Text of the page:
paint-brush
Combating Brilliance Bias: We Should Celebrate Smart Women Moreby@rishikesh
261 reads

Combating Brilliance Bias: We Should Celebrate Smart Women More

by RishikeshNovember 9th, 2021
Read on Terminal Reader
Read this story w/o Javascript
tldt arrow

Too Long; Didn't Read

Brilliance bias is the tendency to consider brilliance as a male characteristic. Despite multiple studies showing that gender plays no role in brilliance, brilliance is often attributed to men. Add more women from history to our curriculum and books. Let’s celebrate the contributions of both women and men equally throughout history and erase this bias from future generations!

Company Mentioned

Mention Thumbnail
featured image - Combating Brilliance Bias: We Should Celebrate Smart Women More
Rishikesh HackerNoon profile picture

Brilliance and genius are often traits associated with STEM fields like mathematics, physics, engineering, etc. Despite multiple studies showing that gender plays no role in brilliance, brilliance is often attributed to men. Brilliance bias is the tendency to consider brilliance as a male characteristic.

Source: Sketchplanations

Our history books include few women, so subconsciously since we are young, men are our first thought when we consider brilliant people. Because of this underrepresentation, STEM careers that often need brilliance have fewer women employed.

Many studies have indicated that women often suffer from impostor syndrome, which prevents them from pursuing STEM careers since brilliance is often seen as a male characteristic. A 2018 study surprisingly found that people were 40% less likely to refer a woman for a job that required high levels of brilliance.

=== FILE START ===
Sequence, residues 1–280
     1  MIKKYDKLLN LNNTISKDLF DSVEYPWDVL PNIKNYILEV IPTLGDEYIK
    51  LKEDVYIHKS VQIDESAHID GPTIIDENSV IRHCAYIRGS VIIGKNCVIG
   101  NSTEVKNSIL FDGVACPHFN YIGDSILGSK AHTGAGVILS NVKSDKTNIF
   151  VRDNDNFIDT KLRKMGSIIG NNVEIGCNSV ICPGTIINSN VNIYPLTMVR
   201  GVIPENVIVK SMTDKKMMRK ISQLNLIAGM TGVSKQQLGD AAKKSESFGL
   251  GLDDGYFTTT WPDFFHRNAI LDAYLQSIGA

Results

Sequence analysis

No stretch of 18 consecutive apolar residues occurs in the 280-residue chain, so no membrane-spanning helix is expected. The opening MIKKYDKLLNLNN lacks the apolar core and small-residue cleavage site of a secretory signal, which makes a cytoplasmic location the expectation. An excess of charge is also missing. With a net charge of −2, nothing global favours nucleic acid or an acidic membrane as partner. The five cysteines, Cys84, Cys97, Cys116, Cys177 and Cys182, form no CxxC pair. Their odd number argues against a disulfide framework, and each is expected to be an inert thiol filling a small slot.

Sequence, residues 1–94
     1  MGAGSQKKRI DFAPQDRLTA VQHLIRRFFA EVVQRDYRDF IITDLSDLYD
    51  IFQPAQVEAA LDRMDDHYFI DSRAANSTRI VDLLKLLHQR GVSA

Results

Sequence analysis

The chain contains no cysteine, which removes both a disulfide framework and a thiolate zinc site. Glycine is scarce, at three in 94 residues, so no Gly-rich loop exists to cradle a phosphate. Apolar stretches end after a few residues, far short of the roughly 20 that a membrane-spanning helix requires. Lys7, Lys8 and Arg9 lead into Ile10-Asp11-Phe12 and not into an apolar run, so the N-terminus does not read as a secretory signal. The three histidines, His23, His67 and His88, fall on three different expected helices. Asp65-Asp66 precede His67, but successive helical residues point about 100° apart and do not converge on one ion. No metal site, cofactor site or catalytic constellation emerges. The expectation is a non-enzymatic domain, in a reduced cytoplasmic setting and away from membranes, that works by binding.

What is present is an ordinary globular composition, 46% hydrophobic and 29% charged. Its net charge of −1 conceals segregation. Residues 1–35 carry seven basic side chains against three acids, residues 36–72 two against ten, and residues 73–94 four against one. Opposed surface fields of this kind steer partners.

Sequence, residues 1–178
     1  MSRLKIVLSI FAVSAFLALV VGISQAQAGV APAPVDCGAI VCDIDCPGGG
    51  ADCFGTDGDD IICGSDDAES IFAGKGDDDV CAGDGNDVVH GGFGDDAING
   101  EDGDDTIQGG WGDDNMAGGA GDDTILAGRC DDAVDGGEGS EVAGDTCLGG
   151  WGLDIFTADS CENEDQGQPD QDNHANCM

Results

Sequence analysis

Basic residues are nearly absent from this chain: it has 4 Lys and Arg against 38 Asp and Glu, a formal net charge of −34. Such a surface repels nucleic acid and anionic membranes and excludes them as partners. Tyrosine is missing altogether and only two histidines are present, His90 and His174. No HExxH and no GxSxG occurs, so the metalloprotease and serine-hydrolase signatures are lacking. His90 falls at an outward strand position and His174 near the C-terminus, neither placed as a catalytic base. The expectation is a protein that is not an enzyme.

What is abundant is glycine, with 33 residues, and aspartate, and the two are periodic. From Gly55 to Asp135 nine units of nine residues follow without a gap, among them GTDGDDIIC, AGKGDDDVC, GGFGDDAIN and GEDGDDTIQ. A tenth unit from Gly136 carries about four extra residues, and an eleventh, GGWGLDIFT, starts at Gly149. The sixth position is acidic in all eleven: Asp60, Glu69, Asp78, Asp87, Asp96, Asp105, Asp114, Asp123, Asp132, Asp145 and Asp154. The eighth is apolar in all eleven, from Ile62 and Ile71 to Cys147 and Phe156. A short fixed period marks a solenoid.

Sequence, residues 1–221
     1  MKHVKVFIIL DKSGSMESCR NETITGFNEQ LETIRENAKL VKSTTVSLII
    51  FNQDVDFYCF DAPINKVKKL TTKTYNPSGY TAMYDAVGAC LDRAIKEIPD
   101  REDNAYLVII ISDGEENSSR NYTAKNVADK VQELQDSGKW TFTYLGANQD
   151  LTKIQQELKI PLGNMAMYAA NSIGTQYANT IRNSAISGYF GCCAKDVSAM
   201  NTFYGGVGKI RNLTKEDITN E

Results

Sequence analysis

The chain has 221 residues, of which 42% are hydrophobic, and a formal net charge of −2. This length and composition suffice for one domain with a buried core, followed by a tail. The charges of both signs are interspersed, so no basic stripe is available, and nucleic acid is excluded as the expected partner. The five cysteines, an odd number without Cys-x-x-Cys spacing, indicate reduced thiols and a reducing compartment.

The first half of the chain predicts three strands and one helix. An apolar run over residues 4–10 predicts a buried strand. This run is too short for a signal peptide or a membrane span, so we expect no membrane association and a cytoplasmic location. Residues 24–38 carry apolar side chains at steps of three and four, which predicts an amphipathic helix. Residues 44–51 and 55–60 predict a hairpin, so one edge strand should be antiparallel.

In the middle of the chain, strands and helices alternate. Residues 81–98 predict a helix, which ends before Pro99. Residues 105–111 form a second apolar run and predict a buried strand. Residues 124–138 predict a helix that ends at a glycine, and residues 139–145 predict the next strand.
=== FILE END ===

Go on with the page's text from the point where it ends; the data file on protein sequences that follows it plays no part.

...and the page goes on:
Andrei Cimpian, PhD, a professor of psychology at New York University, recently conducted a study to explore how 5- to 7-year-olds viewed brilliance. Children were told the story about someone who was really smart and was asked to pick the story’s subject from a collection of pictures of men and women.

5-year-olds showed a lot of pride and chose the same gender. However, the results from 6 and 7 year-olds were quite shocking. According to the results, girls of these age groups did not associate being smart with their group (females), but boys continued to do so. When boys and girls grow up, girls often associate being smart with something that boys do. A belief like this can have a snowball effect and often result in bias in the future.

The solution to this:

Add more women from history in our curriculum and books. Let’s celebrate the contributions of both women and men equally throughout history and erase this bias from future generations!

What do you think of this bias? Do you think that your thoughts are influenced by Brilliance Bias? You can contact me directly.

Also published here.